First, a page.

Can a Person Take Out Two or Three Student Loans at One Time?

Can a Person Take Out Two or Three Student Loans at One Time?
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The costs of college have never been higher, and student loans are one of the most popular ways to fund higher education. Are you wondering how many loans can you take out for college? In fact, students often take out more than one student loan for each academic year because there are so many sources of student loan funding, many of which have caps on the borrowing amounts. When students graduate, it is not unusual for them to have 10 or more separate loan accounts from all the different loans.

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Federal Student Loans

If you are wondering how to take out more student loans, the first step is to understand the federal loans that are available to you. The federal government offers a few types of student loans, and students may take out multiple loans each year. According to Federal Student Aid.gov, the authority for colleges to make new Perkins loans ended in 2017, so these are no longer an option for students.

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Subsidized Stafford loans have fairly low interest rates of ​4.99 percent​ for undergraduates as of this writing, but students can borrow only ​$3,500​ their first year, ​$4,500​ their second and ​$5,500​ each subsequent year. Unsubsidized Stafford loans have an interest rate of ​6.54 percen​t and allow students to borrow ​$2,000​ more each year on top of the subsidized Stafford loans, explains the team at Federal Student Aid.gov.

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PLUS loans may also be an option for parents of undergraduate students or for graduate students. According to Federal Student Aid.gov, you can receive a PLUS loan for the amount of the cost of attendance (determined by the school) minus any other financial aid received. Interest rates vary depending on whether the loan is for graduate students or taken by the parents of an undergraduate student.

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Private Student Loans

Students also can turn to private student loans to borrow money if they did not get enough through federal lending programs. Students will generally only need one private loan per school year because lenders usually allow students to borrow up to the full cost of attendance minus all other aid received.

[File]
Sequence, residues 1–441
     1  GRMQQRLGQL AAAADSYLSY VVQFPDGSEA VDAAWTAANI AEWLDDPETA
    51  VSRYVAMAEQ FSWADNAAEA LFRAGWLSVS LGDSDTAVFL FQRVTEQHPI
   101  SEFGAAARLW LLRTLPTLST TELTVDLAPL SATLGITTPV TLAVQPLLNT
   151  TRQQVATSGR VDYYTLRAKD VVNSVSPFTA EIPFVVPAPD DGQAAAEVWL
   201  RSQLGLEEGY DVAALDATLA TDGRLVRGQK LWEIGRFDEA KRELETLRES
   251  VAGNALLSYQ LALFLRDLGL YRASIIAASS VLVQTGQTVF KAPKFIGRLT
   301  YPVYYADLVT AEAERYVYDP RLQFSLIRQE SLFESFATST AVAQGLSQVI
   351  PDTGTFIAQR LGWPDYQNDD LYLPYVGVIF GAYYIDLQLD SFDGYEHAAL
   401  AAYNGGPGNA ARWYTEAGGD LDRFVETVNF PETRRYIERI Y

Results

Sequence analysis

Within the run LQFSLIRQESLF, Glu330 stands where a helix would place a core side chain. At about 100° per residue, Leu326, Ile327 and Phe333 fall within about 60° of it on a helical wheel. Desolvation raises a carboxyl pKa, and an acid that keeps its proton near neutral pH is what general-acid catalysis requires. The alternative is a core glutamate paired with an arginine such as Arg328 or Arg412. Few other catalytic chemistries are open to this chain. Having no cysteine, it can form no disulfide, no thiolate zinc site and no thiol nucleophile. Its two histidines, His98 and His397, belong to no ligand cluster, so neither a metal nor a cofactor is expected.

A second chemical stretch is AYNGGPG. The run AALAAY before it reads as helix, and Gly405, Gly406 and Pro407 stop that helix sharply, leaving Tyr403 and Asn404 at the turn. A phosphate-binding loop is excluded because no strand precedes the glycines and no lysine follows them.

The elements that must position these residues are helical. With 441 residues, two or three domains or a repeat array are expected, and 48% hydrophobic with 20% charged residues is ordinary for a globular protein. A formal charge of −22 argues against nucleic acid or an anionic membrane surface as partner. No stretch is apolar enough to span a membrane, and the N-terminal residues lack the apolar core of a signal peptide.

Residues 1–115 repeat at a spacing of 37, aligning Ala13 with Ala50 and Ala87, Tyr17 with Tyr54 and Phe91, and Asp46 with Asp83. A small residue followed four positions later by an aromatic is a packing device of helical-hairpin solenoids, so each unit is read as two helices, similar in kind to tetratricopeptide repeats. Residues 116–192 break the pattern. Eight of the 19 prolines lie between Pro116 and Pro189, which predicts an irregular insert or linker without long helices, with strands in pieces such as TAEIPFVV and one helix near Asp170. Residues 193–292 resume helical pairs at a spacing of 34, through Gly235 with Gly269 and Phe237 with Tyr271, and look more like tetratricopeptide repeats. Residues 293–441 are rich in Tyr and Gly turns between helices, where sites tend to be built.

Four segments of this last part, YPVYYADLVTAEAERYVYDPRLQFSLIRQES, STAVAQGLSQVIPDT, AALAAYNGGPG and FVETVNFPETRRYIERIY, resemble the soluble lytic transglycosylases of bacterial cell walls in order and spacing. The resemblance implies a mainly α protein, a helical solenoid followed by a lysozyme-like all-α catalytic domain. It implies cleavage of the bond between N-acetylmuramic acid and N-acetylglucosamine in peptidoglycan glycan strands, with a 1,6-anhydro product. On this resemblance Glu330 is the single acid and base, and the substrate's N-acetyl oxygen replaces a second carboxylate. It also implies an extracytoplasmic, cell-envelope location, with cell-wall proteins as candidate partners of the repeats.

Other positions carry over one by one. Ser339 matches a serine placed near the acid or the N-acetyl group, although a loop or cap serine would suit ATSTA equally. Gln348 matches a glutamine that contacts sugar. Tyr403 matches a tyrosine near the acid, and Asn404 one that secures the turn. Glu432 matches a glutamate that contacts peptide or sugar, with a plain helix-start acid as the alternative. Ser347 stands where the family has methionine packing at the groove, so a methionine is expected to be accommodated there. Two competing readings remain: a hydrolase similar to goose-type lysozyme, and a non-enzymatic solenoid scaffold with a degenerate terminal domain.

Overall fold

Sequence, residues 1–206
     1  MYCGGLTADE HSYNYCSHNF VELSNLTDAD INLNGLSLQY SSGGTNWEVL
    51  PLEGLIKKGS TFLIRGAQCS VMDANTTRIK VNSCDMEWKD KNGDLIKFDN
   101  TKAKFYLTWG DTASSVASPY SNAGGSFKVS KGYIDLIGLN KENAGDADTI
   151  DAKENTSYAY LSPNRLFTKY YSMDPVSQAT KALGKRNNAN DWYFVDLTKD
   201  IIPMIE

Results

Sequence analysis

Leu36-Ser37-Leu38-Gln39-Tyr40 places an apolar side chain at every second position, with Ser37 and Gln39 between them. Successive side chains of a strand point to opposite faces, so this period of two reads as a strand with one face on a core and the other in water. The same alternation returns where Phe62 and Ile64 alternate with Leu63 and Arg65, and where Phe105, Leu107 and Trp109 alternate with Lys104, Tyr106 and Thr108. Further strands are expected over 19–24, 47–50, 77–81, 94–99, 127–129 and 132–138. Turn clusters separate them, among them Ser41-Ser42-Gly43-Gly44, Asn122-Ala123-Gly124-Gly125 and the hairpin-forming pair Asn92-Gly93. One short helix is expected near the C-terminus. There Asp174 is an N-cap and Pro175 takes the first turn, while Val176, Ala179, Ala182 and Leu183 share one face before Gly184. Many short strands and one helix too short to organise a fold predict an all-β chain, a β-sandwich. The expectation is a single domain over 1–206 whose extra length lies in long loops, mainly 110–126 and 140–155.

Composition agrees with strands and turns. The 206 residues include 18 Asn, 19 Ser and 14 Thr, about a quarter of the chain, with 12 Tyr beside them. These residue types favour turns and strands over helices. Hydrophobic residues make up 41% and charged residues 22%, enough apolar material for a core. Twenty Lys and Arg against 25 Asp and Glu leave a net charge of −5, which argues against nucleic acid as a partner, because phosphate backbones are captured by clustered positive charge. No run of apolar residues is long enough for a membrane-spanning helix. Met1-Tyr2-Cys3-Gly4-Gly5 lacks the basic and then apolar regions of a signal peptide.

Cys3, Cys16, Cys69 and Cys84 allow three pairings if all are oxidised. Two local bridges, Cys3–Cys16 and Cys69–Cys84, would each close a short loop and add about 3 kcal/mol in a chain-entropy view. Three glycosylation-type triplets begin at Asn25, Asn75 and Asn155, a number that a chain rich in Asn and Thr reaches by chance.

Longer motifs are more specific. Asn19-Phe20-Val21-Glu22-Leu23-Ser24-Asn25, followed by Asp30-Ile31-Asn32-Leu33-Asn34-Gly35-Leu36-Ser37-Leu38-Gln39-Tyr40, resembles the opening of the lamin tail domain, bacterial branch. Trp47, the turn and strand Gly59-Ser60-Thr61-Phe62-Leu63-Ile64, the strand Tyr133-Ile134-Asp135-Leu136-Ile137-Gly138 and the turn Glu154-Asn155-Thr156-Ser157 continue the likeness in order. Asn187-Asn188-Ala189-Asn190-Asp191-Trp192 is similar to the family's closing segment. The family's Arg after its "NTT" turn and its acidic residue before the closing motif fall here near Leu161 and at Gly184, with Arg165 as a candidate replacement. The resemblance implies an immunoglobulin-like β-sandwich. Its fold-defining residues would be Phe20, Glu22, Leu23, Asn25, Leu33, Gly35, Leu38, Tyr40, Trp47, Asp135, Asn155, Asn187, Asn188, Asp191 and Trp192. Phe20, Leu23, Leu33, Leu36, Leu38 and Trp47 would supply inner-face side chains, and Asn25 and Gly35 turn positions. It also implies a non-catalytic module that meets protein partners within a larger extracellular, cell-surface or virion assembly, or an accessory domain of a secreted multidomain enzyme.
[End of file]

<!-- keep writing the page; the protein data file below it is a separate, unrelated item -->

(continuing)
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Private student loan interest rates are usually variable and based on the prime rate plus an amount determined by the student and co-signer's credit scores.

Choosing an Aid Package

Students should fill out the Free Application for Federal Student Aid each year to have federal student loans included in their financial aid packages. Students should generally accept Perkins and subsidized Stafford loans first, because these have the lowest interest rates and the government pays interest while the borrower is in school.

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After receiving all subsidized aid, students who need to borrow more should turn to other federal loans and receive the maximum amount possible from each of those. Students who still do not have enough money for school should then apply for private student loans directly with banks or credit unions. They may also be eligible for scholarships or grants.

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Consolidating College Loans

After graduating, one way to simplify the process of repaying student loans is to consolidate them. Students can consolidate all of their federal loans together and consolidate all of their private loans together so they make no more than two payments each month. Federal student loan consolidation uses a weighted average interest rate so they will be able to keep the same effective interest cost. You should also look into forgiveness options that may or may not exist for you.

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Extending the repayment period can lower the monthly payment if desired. With private student loan consolidation, the student applies for a new loan with a new interest rate and a specific repayment period.

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